Many historians are of the view that it was a good thing that the Safavid Empire remained compact instead of sprawling over the Middle East because then it would have overextended itself, only to collapse. The relatively small size of the empire, as opposed to its larger neighbors, the Mughal and Ottoman Empires, enabled the bureaucratic consolidation of a region that has previously experienced several hundred years of political instability. As a result, the state of Iran has a greater coherence to it than its neighbors do, many of whom were ruled indirectly by the Ottomans through tribal intermediaries.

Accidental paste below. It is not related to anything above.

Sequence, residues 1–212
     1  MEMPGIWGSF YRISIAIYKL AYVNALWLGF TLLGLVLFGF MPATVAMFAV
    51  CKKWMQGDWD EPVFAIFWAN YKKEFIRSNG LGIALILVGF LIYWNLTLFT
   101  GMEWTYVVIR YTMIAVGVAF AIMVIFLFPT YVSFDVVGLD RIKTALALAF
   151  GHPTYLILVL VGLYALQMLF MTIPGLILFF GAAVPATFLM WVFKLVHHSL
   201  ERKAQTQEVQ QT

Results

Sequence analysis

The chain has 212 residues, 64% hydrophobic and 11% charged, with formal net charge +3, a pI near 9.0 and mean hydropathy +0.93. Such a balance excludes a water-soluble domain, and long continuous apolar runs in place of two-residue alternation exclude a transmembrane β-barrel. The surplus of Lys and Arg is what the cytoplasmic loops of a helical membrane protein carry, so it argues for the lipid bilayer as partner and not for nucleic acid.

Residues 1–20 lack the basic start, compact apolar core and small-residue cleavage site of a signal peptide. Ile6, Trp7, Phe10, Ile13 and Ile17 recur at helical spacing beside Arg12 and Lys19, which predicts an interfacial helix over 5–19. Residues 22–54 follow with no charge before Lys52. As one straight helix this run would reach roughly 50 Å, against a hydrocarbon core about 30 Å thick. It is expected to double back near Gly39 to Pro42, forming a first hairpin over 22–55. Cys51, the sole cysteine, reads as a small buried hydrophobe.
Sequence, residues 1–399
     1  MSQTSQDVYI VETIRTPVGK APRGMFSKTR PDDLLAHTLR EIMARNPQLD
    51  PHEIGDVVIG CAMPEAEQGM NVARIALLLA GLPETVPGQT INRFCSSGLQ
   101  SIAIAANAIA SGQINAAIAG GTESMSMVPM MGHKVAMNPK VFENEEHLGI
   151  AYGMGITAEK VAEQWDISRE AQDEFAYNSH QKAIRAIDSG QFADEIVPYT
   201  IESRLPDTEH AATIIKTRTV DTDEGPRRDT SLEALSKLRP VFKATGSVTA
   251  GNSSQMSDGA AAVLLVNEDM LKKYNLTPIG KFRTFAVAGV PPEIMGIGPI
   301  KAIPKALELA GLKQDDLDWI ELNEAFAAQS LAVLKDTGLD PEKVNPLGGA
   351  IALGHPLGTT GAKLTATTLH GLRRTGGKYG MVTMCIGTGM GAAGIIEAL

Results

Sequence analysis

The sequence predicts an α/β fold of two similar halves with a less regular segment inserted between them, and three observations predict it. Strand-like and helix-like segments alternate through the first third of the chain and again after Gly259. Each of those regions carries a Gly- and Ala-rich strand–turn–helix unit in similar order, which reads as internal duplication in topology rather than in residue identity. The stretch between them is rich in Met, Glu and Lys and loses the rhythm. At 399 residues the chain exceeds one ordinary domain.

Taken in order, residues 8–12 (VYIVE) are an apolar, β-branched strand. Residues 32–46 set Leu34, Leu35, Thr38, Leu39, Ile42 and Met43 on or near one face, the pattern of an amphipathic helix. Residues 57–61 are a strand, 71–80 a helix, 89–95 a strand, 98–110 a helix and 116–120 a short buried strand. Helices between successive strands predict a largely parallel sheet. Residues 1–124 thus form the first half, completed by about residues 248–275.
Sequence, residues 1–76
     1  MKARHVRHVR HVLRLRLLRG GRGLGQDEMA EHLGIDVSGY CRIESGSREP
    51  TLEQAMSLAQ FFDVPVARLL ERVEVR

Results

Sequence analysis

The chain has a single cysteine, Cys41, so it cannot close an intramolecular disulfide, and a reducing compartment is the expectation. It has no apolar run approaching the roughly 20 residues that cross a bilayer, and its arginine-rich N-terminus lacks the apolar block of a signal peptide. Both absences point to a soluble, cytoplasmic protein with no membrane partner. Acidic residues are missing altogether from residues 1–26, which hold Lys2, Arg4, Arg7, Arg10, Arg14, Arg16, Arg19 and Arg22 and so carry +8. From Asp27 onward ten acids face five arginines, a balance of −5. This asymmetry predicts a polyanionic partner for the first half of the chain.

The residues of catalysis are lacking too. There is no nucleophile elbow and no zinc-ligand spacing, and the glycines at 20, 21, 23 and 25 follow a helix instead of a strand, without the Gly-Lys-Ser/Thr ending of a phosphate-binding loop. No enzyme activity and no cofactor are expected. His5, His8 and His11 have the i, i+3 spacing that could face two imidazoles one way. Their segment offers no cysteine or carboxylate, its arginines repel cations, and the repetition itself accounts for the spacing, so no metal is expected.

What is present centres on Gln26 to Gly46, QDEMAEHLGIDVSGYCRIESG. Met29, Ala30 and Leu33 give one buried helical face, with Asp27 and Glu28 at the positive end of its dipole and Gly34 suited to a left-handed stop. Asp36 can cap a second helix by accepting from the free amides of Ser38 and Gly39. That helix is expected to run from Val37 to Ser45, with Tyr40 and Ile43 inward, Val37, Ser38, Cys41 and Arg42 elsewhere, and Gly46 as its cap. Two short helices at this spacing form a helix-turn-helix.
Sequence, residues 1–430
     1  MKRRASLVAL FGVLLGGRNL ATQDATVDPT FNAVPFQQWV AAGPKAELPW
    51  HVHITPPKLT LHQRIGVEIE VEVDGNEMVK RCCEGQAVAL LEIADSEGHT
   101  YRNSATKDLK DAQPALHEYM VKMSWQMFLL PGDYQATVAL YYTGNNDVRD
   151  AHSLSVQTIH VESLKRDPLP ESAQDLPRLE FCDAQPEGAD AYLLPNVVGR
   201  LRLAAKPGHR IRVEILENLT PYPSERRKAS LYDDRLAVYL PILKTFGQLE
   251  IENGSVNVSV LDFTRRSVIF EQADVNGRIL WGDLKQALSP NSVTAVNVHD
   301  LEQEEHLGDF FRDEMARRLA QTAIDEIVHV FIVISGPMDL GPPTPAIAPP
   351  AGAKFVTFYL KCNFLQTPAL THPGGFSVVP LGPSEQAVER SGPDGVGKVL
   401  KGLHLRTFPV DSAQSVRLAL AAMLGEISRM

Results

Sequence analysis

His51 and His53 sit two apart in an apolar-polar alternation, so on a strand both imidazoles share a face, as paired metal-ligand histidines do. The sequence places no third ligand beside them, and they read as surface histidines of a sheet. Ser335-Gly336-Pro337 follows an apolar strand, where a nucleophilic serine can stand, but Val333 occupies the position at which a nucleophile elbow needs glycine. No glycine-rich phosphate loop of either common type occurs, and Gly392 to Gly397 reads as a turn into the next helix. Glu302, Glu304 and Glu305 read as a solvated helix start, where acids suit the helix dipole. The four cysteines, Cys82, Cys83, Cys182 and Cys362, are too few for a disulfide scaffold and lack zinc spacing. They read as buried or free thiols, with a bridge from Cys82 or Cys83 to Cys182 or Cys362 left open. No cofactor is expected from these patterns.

More important than the consolidation of a nation-state in Iran, the battle ensured the spread of Shia Islam within the Safavid Empire. After the battle, the Safavids aggressively promoted Shia Islam within their territories in order to consolidate and separate their empire from its Sunni neighbors. Although this lead to the Safavid Empire being surrounded by a sea of Sunni Islam, historians also believe it ensured that the empire was not absorbed by the Sunni Ottomans. To make sure that Shia Islam became irrevocably accepted by the population, Ismail made it mandatory for Shias to curse the first three Sunni Caliphs, offending Sunnis and leading to continuing antagonism between the Sunnis and Shias throughout the region. Although many Iranians might regret the manner in which Iran became Shia, they accept their Shia identity with pride as a marker of their distinct identity.